Each used a different combination of tools, climate indices and calculations, but all five meteorologists offering forecasts during a conference Oct. 29 in Portland agreed that “La Nina” could well influence what sort of upcoming winter the Northwest and other parts of the globe will experience.
Four of the five predicted that the winter of 2011-2012 will be wetter than normal, though none predicted a repeat of 2010-11 when stronger La Nina signals prevailed. Snowpacks across the Pacific Northwest reached near record levels when a cool, wet late winter and spring settled on the region.
The forecast presenters were among more than 350 people gathered last Saturday for the 19th Annual Winter Forecast Conference sponsored by the Oregon Chapter of the American Meteorological Society. The session was held at the Oregon Museum of Science and Industry.
La Nina conditions are occurring and expected to gradually strengthen and continue this winter, according to regularly updated forecasts from National Weather Service’s Climate Prediction Center. Those La Nina conditions, which include cooler than normal sea surface temperatures across must of the equatorial Pacific, seem to increase the likelihood that the Northwest will be colder and wetter than normal.
This winter CIG suggests that there are significantly increased odds of above average precipitation; odds favoring near normal or cooler than normal temperatures and that there are significantly increased odds of an above average snowpack, according to Dave Elson, lead forecaster for the Weather Service’s Portland office.
“La Nina, that’s really what drives this forecast,” Elson said. The agency says the region can “expect an active weather pattern this winter.”
Columbia River Inter-Tribal Fish Commission hydrologist/meteorologist Kyle Dittmer used a host of tools, including indices such as the El Nino/Southern Oscillation and the Multi-variate ENSO Index, and the Pacific Decadal Oscillation, Sea-surface temperature departure forecasts, and comparisons of past years’ La Nina outcomes (analog years), including water year volume forecasts. And he even factors in sunspot cycles (though they are currently in a relatively neutral mode), which he says can influence global weather patterns.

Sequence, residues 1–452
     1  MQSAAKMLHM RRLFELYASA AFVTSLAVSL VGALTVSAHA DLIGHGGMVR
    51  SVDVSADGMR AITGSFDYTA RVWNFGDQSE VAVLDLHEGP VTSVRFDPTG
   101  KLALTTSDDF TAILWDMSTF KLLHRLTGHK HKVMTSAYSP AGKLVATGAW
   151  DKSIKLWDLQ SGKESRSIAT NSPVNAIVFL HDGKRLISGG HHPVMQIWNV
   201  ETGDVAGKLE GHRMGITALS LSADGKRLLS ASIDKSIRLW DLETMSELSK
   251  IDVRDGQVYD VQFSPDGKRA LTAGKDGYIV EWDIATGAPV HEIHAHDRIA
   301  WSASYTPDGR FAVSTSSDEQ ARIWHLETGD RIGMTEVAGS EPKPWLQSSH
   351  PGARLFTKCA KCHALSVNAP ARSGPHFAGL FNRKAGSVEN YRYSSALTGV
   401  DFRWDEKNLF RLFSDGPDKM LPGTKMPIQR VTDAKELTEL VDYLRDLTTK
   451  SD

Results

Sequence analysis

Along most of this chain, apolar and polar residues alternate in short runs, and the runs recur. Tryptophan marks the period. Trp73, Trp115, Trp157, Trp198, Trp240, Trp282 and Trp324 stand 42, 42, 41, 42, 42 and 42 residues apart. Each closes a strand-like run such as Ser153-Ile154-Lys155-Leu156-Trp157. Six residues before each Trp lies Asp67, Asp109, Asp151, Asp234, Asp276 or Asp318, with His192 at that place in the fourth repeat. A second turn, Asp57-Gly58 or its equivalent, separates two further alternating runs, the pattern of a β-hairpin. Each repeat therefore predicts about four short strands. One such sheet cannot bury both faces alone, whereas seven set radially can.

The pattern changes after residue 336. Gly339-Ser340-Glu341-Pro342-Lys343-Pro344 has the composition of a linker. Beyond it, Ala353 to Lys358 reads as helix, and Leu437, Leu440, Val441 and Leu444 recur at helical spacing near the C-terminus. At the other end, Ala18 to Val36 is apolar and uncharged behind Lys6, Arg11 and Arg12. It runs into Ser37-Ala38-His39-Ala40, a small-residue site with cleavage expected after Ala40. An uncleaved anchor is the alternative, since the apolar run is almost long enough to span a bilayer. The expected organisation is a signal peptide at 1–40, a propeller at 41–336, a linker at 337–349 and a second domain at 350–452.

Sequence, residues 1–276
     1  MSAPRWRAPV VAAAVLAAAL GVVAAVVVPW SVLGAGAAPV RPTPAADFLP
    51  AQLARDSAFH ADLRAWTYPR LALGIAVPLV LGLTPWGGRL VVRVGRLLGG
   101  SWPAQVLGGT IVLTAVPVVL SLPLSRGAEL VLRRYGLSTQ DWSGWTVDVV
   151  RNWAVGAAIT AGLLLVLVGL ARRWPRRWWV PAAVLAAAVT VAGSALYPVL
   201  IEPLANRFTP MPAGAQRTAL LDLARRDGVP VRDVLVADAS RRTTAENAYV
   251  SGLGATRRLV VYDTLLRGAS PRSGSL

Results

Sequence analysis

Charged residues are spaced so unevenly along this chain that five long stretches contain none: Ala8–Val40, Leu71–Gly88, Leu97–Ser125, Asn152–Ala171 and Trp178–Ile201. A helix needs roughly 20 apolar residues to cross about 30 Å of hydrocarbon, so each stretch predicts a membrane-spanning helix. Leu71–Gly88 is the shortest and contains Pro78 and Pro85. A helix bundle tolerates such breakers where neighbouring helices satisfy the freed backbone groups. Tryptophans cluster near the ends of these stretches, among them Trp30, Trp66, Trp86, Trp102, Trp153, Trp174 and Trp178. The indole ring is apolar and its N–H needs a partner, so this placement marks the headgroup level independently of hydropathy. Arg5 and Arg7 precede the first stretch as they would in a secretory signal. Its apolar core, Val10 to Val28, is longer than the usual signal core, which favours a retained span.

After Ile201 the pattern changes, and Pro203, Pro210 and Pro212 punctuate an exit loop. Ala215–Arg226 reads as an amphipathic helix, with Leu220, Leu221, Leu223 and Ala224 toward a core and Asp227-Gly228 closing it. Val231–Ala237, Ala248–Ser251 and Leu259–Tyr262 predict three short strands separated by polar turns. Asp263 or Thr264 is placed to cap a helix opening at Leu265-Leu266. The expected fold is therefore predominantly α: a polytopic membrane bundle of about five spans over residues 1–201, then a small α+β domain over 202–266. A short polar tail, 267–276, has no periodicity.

He predicts the Columbia-Snake river basin will be “slightly below normal temperature-wise for the season” and should see above average precipitation.
Dittmer said the region can expect some variability, which might include heavy rain events west of the Cascades, flooding, arctic blasts and high wind events. And rainy Portland should expect a few snow events from December to early March, he said.
His water supply forecast for January-July 2012 as measured at the lower Columbia’s The Dalles Dam is 117 million acre feet, or 109 percent of the recent 30-year average. In October 2010 Dittmer predicted that 2011 runoff would be 129 MAF, 120 percent of normal, and that early season forecast was in the ballpark. The observed, unregulated runoff was 141.7 MAF from January through July.
Former Oregon State Climatologist George Taylor, as well as Pete Parsons and Jim Little, likened the pattern being experienced now to one that began in the winter of 2007-2008 played out in 2008-2009. That pattern saw La Nina conditions building in the 2007-2008, lapsing to neutral conditions during the late spring-summer, then rebuilding the following winter.
“That’s about as good of a match as you can get,” Parson said of the strategy of identifying start-of-year conditions from the past that might apply to the current year’s forecast. The winter of 2008-2009 started out strong with an early season dump of snow even into lower level sites such as Portland but ended up being a relatively average precipitation year overall. Parsons and Little do forecasts for the Oregon Department of Forestry.
Taylor said he expected November to be relatively benign with a transition in December into cooler, wetter conditions. He forecast December through February to be “very active” with above-average mountain snowfall for the winter; significant precipitation totals with possibility of flooding in the west, cooler than average temperatures and a good chance of low elevation snow, especially in January.
Parsons’ forecast followed the same track with above average temperatures early and weather turning stormy in December and January, followed by a cold February.
“Cold periods will have a better chance of being accompanied by snow this winter. Most mountain snowpacks should be above normal by late January-February,” Parsons’ forecast said.